S.F. Techie Accused Of Holding Network Hostage
MELISSA BLOCK, Host:
It took a secret jailhouse meeting between San Francisco Mayor Gavin Newsom and a computer engineer charged with felony computer tampering to unlock the city's multi-million-dollar computer network. The computer engineer, Terry Childs, had built the network, and what no one realized was he was apparently the only administrator who could access it.
After Childs was confronted earlier this month for a pattern of hostile behavior, he refused to surrender the passwords and user IDs. He was arrested and for eight days, the computer system was in lockdown until that jailhouse meeting with the mayor. More on that in a moment.
It's a complicated story that Jaxon Vanderbeken has been covering for the San Francisco Chronicle. And Jaxon, what is on the San Francisco computer network?
BLOCK: Well, there's a variety of information. Everything from payroll records to e-mails to sensitive law enforcement data including the booking information of inmates and the county jail. It's all on a backbone-style system that he had the sole authority to enter.
BLOCK: And what is it the prosecutors are saying Terry Childs did that led to these charges against him, the felony charges of computer tampering?
BLOCK: Well, they said that he refused to give the user IDs and passwords to the system so other people could get into it to do administrative duties. He was told that he'd face arrest if he refused to. And he, nonetheless, told them that he wasn't going to provide the true user IDs and passwords to get in. He provided some. He claimed, among other things, that he himself had been locked out of administrative access to the system for some three weeks and that only after they prodded him did he provide some user IDs and passwords which turned out to be false. During this confrontation, he got up and essentially left. He was told he was suspended from work. And subsequently, police came to his home and arrested him.
BLOCK: Terry Childs was put in jail and stayed there for over a week. And finally, there's this secret meeting we mentioned with Mayor Gavin Newsom. What happened?
BLOCK: Well, Mr. Childs' attorney contacted the mayor and offered essentially to give him some information that would help the city regain control over its network. And the mayor went with one of his aides who happened to be his press spokesman. And they went and met Mr. Childs in custody at the Hall of Justice jail, and he gave over some information - prosecutors would say not all the needed information, but he gave over some information that helped them regain access to some of the systems that they could not access.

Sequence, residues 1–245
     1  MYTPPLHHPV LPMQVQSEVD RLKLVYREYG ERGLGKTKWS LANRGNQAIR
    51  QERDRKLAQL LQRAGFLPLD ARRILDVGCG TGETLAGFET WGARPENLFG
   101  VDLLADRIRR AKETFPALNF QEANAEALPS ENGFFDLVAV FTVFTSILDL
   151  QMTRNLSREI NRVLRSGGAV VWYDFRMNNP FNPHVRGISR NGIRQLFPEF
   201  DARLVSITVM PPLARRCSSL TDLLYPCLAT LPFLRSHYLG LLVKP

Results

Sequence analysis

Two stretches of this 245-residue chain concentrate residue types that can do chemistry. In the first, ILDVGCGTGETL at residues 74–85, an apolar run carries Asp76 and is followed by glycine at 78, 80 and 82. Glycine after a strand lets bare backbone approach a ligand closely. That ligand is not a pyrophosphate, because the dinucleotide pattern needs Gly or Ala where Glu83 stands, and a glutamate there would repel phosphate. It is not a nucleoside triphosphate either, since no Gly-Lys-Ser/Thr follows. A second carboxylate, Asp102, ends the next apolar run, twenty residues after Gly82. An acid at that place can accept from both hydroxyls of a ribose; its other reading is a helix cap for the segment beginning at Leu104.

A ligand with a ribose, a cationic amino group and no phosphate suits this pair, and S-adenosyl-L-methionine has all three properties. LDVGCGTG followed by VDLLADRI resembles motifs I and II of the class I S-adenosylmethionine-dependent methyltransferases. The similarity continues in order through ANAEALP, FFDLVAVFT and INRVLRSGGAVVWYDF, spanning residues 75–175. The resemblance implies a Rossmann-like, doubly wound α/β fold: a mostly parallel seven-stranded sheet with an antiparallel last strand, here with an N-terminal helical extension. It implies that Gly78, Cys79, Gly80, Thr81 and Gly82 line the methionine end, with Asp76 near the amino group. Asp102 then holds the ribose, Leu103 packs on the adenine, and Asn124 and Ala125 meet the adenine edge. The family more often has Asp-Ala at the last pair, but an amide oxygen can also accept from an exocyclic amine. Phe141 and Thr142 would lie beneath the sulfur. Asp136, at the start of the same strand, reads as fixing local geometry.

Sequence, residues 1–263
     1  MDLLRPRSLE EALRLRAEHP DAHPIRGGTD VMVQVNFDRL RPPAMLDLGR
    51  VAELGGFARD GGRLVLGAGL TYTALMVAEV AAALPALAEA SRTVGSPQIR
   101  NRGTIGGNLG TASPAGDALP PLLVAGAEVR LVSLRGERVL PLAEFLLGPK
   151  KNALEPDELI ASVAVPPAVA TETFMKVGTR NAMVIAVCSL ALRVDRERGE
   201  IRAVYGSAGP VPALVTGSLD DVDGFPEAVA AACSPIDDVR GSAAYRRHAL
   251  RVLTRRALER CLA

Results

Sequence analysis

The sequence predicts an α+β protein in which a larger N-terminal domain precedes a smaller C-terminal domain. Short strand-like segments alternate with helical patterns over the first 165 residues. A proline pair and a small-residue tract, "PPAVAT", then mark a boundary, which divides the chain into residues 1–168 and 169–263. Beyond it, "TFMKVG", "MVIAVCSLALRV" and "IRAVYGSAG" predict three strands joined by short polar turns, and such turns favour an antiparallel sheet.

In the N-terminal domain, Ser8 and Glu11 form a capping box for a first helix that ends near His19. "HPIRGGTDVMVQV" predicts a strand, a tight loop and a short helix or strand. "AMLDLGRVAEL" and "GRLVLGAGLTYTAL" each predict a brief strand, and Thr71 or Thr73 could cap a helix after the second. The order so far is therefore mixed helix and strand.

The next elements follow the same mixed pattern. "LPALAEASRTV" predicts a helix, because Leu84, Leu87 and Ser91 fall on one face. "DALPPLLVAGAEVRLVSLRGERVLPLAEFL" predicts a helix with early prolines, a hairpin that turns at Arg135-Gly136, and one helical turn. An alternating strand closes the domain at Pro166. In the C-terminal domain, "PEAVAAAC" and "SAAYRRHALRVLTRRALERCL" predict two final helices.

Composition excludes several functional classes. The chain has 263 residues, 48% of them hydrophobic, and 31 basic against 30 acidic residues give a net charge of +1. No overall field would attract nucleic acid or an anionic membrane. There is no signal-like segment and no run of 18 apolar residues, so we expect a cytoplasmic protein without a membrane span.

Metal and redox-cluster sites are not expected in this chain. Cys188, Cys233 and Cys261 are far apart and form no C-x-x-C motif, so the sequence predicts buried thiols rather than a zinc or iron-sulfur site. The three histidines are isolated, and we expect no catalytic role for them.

They say that not all the systems were contained in the user ID and password information that he provided. Mr. Childs had a lot of access and a lot of systems that he had his control over.
BLOCK: What have you learned about Terry Childs' background that would lead to where he is now, still in jail, charged with felony counts?
BLOCK: Well, prosecutors seem to suggest that his violent history including an aggravated robbery when he was 17 years old and a subsequent adult conviction in Kansas suggest that he may have been unstable. His family believes that he had learned by his mistakes and had set upon living a law-abiding life so much so that he was afraid to drive one mile over the speed limit. So there's obviously a very great disagreement there.
BLOCK: Did the city of San Francisco know about Terry Childs' criminal record when they hired him?
BLOCK: Well, there are some questions about that, some indication that he did say that he had been convicted of a felony, but perhaps, wasn't as complete on his application as otherwise he might have been. And also, when, in recent times, when authorities asked him about it, they claimed that he was obstructionist about answering questions about what happened back in Kansas when he was convicted of aggravated robbery.
BLOCK: What do you think the story tells us about the safety of computer networks, the control of computer networks?
BLOCK: Well, I think the fundamental message that one could take away from this is that, you know, authority needs to be shared. Just like when people operate nuclear technology, it requires at least a couple of keys to operate such technology, that definitely giving one person - for good or ill - total control has its pitfalls.
BLOCK: Jaxon Vanderbeken covers crime and courts for the San Francisco Chronicle. Thanks so much.
BLOCK: Thank you.